16 September 2008

Daydream Nation: Good Night Deer

February 2008

Daydream Nation is the exciting collaboration between the Royal College of Art Textile graduate Kay Wong and the Central Saint Martins Theatre Design/Directing graduate Jing Wong.

The Making of Good Night Deer

The Story
Once upon a time,
there was a hunter,
he killed deers,
One day he killed a deer with a golden mane,
"Good Night Deer," he said.
He went to a lake to wash off blood stains,
When he saw the spirit of the dead deer,
He was cursed and was transformed into a deer,
Wolves and then hunters started chasing after him,
He hid but soon he heard footsteps,
It was a deer,
who turned out to be a hunter in disguise,
"Good Night Deer" he said.
Kill and be Killed.

Daydream Nation was part of Fashion Week on the 14th-15th February 08 at the ICA (Institute of Contemporary Arts). I was the 2nd Movement Choreographer of the production and a Tree Spirit.

Free Running Championships

The Real Spiderman's of the Century!
(It was held at The Round House in Camden on the 3rd September 08.)

12 September 2008

Five Ways To Walk Towards Yourself

A unique and exciting movement based research project into landscape, body, memory and autobiography. This was led by Angus Balbernie and Rosalyn Maynard.

Each day we worked with somatics exploring new paths within our inner-self, and then communicating to each other through our five senses.

"Her soft foot touched the ground as she crept towards the tiny little green platforms shimmering in the sunlight...she went under the branch and felt trapped in a bubble as she watched the shadows and reflections...spiney spikey branches caught her jumper pulling her down to tilt her body up to catch the canopy of the trees whistling."
(The beginning of my journey in the dark forest.)

The performance and investigation took place in
Haldon Forest, Exeter.

Visa Concessions

Contemporary dancers call for visa concessions to match ballet

Published Thursday 7 August 2008 at 11:05 by Lalayn Baluch

Leading figures from the contemporary dance world are up in arms after it was revealed that international ballet stars are in line for an exemption from stringent new visa regulations, but the concession is not being extended to non-classical performers.

According to officials at modern dance company Rambert, draft guidelines for the new points-based visa system reveal that the Migration Advisory Committee is considering classifying ballet as an occupation with a shortage of workers - a move that will make it easier for foreign classical performers to gain visas for the UK.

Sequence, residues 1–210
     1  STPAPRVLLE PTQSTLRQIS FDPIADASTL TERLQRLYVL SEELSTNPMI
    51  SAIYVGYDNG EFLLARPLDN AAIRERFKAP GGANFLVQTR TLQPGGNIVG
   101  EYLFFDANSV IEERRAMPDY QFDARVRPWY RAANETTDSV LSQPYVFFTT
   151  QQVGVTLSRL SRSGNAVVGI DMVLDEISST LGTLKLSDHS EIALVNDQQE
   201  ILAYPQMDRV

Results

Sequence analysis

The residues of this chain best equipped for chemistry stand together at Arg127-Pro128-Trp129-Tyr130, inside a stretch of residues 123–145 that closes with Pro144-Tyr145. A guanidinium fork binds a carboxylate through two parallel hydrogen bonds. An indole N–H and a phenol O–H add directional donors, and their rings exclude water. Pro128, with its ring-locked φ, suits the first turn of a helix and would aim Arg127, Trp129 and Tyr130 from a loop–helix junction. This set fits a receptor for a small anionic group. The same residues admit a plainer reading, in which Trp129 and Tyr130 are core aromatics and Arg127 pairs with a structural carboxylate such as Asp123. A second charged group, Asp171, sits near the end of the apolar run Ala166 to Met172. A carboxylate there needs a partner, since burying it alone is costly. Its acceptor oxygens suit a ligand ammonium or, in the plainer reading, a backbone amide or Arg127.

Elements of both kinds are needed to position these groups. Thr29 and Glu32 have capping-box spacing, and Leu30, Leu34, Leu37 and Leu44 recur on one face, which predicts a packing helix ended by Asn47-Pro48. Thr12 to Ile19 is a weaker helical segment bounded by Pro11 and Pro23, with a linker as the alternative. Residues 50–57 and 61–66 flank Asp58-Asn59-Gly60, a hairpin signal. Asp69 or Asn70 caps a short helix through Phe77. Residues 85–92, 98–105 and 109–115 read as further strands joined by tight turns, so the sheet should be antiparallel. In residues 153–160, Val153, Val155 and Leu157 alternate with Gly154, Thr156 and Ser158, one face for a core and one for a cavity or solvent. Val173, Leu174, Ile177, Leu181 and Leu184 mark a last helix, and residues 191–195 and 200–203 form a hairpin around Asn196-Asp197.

Now Nadia Stern, Rambert chief executive, is calling on the Home Office to urgently consider a similar concession for contemporary artists.

She warned that without such a provision, the organisation will struggle to bring in talent from overseas when the new rules are implemented this autumn.

She told The Stage: “This is the first indication we have had that there is going to be a distinction [between the dance forms]. It will be extremely difficult for Rambert to maintain its position if we are not able easily to continue recruiting dancers from around the world.

“The loss to the cultural life of this country will be devastating. When you are talking about internationalism, it is not just a question of bringing companies from overseas into Britain - 25% of our dancers are from outside the European Union. I am sure this is an unintended consequence of what the government is trying to do, but I would plead with them to listen to the industry, in terms of the impact that this could have if they don’t get it right.”

Stern is now calling for an urgent meeting with the advisory committee, in an attempt to ensure that contemporary dance is considered for a concession.

Meanwhile, Caroline Miller, director of advocacy body Dance UK, said she was “alarmed” by the news, and supported Stern’s call to action.

She added: “These companies attract the most exceptional dancers from across the world who specifically desire to work with leading British companies and artistic directors.

“Without their talent, Britain’s international status in dance will be diminished and the dance economy weakened.”

Sadler’s Wells director of programming Suzanne Walker added that it is vital to bring in “inter-national calibre” performers from abroad to keep up the “health and quality” of the arts.

“All dancers, whether specialising in flamenco, tango, ballet or contemporary dance, to name just a few, experience the same levels of rigorous training, and we certainly agree that contemporary dance should receive equal visa concessions,” she added.

However, a spokesperson from the UK Border Agency claimed that it had been advised by representatives of the dance world to categorise ballet separately.

He added that these representatives were working with Equity to define the code of practice for the system, which will be used to test its impact on resident artists.

Dancer in a Harlequin Costume